Soviet Debts of Concern

Though it might have amused Karl Marx, a recent story with the headline “Soviets Could Crush West With Debts” startled Toronto Star readers:

“The Kremlin can take over the world simply by defaulting on colossal loans it has had from the West. International bankers and Western diplomats see the scenario, which sounds -like a plot for a sensational thriller, as chillingly possi­ble.”

The newspaper was referring to $77 billion in loans from Western banks in Europe and North America to the Soviet bloc countries. About $20 billion of these credits has gone to the deeply troubled Polish economy. Presently, Poland is desperately seeking help from Russia and Western countries to raise the $4.5 billion needed every year just to pay the interest on these loans.

Of course, bringing down the inter­national financial system of the West would incur the loss of markets and crucial supplies which the Soviet bloc nations need. But the increasing worries of international capitalist bankers may include second thoughts about making Western economies so vulnerable to and dependent upon socialist debtors.

Multinational banks, like other multi­national corporations, possess no con­servative ideology. Rather, commercial expediency takes them wherever they can obtain high interest rates or profit. Less this trait be considered admirable risk-taking, it is noteworthy that the bankers have no intention of being left holding the bag in case of massive defaults by their debtors.

A variety of government bailouts and additional props by international public institutions can always be solicited to avoid a global financial collapse.

The Soviets can jolt Western econo­mies in other ways than by borrowing.

In the early ’70s, the huge Soviet grain deal secretly negotiated with large grain export corporations in the United States produced major inflationary shock waves behind food, transport and other prices to consumers. It can happen again, especially with a shrinking American grain reserve and continuous losses of our country’s agricultural lands.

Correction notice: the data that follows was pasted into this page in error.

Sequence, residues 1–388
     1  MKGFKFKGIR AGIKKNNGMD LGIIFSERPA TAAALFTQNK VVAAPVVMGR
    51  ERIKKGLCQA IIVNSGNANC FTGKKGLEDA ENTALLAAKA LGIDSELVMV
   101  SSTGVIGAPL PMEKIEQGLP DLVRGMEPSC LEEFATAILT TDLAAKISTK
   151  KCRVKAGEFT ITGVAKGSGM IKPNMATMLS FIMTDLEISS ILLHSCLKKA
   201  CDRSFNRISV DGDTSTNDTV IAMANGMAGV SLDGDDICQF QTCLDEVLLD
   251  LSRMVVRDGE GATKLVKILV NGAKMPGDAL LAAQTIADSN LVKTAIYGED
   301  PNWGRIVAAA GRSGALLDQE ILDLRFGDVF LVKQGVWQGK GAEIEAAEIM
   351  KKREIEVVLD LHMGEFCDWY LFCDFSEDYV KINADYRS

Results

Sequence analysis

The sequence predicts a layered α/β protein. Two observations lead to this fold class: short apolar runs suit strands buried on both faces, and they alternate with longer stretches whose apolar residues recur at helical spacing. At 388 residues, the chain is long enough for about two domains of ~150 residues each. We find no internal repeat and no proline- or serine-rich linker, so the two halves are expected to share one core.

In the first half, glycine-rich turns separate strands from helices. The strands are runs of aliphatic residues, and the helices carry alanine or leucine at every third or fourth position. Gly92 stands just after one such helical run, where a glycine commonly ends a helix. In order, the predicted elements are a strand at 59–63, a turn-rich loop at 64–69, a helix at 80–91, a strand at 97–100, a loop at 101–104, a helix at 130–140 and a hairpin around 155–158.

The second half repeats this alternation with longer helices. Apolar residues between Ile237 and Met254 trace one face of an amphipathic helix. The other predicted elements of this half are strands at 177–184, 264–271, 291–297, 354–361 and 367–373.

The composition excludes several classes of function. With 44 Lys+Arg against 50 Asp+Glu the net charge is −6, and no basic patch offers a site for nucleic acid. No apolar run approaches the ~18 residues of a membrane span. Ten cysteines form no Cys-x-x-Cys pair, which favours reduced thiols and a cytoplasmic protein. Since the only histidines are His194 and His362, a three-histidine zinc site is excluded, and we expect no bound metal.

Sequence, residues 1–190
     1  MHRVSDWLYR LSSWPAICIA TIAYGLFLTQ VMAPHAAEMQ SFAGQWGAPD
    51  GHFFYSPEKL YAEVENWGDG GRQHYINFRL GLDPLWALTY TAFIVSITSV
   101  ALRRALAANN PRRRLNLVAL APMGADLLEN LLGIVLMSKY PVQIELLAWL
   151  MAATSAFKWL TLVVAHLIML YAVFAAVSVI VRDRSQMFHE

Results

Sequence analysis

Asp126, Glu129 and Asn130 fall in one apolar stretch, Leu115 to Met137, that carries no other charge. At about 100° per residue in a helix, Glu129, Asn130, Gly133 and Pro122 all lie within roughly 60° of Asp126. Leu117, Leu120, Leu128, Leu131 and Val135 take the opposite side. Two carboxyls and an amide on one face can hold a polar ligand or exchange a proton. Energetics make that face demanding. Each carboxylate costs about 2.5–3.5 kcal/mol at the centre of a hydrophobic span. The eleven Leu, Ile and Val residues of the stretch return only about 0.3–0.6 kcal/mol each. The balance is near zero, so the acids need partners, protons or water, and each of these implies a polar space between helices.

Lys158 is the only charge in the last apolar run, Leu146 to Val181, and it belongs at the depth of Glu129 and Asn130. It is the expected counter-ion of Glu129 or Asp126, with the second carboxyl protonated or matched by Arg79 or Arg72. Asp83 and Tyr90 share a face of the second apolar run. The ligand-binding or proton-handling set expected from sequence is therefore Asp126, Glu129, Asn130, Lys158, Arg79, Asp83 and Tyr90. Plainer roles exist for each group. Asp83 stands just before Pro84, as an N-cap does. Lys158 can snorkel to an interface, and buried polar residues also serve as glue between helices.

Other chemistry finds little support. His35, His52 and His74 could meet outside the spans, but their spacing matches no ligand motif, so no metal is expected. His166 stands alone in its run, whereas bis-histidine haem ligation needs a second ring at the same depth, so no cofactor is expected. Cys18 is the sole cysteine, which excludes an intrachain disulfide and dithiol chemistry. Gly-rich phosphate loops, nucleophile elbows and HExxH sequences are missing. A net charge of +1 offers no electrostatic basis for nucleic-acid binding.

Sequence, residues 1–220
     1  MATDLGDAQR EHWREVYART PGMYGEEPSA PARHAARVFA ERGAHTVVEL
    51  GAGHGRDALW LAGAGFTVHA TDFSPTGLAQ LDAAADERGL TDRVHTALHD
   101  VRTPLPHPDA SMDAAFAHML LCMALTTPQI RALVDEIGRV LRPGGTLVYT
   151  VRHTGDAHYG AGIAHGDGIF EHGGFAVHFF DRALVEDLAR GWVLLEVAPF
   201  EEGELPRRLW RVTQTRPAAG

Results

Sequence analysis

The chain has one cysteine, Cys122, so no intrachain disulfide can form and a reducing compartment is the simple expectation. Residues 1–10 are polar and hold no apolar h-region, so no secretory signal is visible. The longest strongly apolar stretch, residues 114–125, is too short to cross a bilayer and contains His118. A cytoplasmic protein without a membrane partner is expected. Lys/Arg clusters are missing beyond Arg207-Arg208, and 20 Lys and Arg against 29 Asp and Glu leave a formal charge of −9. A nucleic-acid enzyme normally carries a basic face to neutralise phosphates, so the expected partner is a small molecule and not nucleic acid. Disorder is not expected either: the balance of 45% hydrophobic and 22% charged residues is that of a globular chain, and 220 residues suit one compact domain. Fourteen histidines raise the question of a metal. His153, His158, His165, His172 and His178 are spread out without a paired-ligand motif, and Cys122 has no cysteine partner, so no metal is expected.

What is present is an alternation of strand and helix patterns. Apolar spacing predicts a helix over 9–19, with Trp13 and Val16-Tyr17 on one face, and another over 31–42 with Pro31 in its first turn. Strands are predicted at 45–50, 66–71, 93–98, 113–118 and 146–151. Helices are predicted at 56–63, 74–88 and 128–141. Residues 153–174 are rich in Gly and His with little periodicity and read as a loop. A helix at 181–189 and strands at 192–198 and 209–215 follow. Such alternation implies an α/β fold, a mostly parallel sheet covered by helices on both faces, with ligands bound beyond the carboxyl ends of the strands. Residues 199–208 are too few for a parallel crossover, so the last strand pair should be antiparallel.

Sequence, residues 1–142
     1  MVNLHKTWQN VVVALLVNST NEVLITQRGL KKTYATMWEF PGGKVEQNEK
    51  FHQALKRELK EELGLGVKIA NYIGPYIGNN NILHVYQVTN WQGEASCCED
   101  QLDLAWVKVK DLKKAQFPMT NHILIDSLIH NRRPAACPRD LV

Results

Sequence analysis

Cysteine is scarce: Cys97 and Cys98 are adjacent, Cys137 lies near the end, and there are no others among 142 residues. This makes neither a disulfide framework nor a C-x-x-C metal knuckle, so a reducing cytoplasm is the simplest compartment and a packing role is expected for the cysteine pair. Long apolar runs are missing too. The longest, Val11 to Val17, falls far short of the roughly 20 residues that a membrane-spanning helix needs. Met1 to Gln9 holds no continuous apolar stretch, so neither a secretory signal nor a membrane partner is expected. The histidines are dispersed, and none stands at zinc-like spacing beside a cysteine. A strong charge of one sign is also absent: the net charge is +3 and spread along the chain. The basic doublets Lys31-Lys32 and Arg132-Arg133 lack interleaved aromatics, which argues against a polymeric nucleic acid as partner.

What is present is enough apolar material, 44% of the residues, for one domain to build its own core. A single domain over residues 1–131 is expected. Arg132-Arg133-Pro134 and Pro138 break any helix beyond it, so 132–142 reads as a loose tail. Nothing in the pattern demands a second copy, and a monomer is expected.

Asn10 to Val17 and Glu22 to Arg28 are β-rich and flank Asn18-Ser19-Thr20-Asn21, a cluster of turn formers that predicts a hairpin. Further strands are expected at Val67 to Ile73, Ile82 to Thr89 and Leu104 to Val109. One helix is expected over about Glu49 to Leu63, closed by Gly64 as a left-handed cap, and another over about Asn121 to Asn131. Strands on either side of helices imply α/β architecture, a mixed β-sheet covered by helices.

Bankers usually avoid mentioning in public the shaky state of the world economy. So matters must be getting shaky indeed for Chase Manhattan Bank president William Butcher to tell his shareholders he was going to assertible a “24-hour-a-day” crisis team to monitor what he termed “the most uncertain (economic climate) I can recall in my better than three decades as a banker.”

American conservative leaders are beginning to criticize the large banks’ international currency speculations and their over-extension of overseas credit. They also oppose U.S. multinationals who finance and sell high-technology products to the Soviet Union.

Conservative Republican Congressman Jim Leach of Iowa even calls for Western government regulation of the “precarious” $1 trillion Euro-currency market. “The rise of the Euro-currency market is the most potentially disruptive economic development since World War II” and challenges “the ability of sovereign governments to determine their own economic destinies,” Leach warned.

Despite the advent of the Reagan regime, multinational corporations soon may find themselves confronting a powerful critique from the Conservative Right that what is good for big multi­national corporations may not be good for America.

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